NYU’s Center on International Cooperation (CIC) has published The Libyan War: A Diplomatic History, a report summarizing international discussions of the Libyan crisis from its start in February to the mid-August rebel assault on Tripoli.
Authored by Emily O’Brien and Andrew Sinclair, The Libyan War is a historical account of the diplomatic negotiations across international and regional organizations around the international intervention in Libya. The narrative is intended to serve as a resource for those involved in discussions of multilateral crisis management in Libya, and to provide background information for officials and analysts involved in post-conflict reconstruction.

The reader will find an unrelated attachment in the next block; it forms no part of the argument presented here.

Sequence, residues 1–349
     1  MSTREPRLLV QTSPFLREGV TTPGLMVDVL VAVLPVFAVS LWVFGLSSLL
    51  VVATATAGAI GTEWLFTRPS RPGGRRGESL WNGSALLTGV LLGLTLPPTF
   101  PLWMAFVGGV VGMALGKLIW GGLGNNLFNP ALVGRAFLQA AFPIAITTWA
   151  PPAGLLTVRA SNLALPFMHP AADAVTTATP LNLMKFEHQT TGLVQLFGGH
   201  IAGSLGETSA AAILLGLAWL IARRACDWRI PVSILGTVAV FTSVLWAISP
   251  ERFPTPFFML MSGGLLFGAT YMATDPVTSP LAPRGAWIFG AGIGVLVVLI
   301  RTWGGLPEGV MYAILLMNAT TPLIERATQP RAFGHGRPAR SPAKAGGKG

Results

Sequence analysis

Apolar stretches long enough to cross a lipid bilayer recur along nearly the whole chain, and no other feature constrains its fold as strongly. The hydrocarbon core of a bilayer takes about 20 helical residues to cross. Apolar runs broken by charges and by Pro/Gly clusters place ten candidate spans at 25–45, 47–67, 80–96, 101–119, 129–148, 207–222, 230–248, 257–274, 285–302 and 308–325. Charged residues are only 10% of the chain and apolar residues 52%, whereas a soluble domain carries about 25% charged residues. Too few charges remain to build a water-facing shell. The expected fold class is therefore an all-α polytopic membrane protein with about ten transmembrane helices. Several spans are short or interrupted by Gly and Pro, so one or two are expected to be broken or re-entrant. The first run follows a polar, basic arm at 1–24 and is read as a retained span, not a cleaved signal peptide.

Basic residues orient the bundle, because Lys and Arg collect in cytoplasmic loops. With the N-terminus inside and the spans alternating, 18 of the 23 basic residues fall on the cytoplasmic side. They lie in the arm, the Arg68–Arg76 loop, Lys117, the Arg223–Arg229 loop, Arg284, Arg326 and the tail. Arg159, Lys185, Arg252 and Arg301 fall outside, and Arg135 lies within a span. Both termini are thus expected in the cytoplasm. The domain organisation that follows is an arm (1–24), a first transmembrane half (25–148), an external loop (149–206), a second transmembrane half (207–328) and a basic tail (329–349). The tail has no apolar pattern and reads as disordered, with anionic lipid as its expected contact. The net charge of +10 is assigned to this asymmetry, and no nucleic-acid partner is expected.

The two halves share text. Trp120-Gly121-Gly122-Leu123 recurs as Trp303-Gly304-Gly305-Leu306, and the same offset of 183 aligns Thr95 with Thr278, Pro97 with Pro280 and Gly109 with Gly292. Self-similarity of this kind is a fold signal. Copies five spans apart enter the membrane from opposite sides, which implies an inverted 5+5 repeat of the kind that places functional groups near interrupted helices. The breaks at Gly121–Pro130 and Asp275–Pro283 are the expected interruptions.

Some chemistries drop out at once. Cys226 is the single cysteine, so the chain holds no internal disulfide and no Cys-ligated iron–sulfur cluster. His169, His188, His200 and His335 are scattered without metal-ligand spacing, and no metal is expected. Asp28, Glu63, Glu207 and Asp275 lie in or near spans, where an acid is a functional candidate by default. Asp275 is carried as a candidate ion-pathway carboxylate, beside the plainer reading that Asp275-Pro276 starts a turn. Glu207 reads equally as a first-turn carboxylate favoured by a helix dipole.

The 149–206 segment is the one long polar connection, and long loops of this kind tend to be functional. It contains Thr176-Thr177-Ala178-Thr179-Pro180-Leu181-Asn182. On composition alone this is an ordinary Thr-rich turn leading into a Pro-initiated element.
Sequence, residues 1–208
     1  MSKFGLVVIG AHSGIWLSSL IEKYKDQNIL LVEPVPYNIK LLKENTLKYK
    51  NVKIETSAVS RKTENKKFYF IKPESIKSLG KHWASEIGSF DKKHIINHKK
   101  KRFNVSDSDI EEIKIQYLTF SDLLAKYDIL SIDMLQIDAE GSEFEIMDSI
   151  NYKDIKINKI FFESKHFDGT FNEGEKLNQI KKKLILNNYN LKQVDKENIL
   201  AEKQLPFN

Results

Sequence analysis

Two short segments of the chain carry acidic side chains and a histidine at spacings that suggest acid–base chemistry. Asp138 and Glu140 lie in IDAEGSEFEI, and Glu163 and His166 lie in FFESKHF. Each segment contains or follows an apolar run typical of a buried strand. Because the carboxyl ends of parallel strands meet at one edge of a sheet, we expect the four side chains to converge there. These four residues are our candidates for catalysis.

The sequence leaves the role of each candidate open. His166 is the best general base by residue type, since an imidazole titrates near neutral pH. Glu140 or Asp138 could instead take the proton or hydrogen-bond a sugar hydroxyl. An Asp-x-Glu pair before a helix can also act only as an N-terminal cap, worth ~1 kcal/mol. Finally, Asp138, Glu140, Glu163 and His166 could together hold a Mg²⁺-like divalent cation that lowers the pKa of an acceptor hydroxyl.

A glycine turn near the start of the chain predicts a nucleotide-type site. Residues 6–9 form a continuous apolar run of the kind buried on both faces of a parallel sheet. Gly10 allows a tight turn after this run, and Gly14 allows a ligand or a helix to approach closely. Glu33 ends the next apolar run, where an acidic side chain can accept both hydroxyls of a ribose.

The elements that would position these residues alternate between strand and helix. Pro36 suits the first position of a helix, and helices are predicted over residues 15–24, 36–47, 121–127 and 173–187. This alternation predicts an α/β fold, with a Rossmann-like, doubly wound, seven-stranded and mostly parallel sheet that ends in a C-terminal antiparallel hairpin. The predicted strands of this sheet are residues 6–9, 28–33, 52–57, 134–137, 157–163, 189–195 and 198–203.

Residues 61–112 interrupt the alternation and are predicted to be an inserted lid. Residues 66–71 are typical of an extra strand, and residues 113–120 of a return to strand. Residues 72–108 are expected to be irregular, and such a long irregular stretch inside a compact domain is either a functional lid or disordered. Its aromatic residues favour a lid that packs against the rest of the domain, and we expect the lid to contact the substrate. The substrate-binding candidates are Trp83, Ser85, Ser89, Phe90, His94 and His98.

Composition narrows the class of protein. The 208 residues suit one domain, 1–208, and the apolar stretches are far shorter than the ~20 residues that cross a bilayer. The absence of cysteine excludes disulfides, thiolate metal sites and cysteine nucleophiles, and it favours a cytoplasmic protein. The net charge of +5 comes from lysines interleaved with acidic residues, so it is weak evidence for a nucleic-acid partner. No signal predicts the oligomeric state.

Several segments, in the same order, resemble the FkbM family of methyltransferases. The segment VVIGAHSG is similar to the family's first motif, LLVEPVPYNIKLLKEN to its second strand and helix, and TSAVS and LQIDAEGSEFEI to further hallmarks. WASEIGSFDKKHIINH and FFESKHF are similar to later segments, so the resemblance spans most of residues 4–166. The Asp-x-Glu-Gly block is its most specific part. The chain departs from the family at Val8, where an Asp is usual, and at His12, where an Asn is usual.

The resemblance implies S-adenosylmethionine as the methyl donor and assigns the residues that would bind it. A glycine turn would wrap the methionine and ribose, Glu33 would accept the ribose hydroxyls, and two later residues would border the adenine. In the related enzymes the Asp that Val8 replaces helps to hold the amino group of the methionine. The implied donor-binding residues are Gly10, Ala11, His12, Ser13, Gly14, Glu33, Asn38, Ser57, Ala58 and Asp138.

“The narrative has deliberately been designed to give an international perspective on diplomacy over Libya, interweaving discussions in different organizations, rather than telling ‘the NATO story,’ ‘the African Union story,’ and so on separately,” writes Richard Gowan, associate director for the Managing Global Order program at CIC. “Ultimately, the narrative offers no final opinion on the lessons of Libya. We hope that scholars and policy analysts will mine it for information in developing their own conclusions.”
O’Brien is a program officer in the Managing Global Order program at CIC; Sinclair is a former program officer in the Global Peace Operations program at CIC.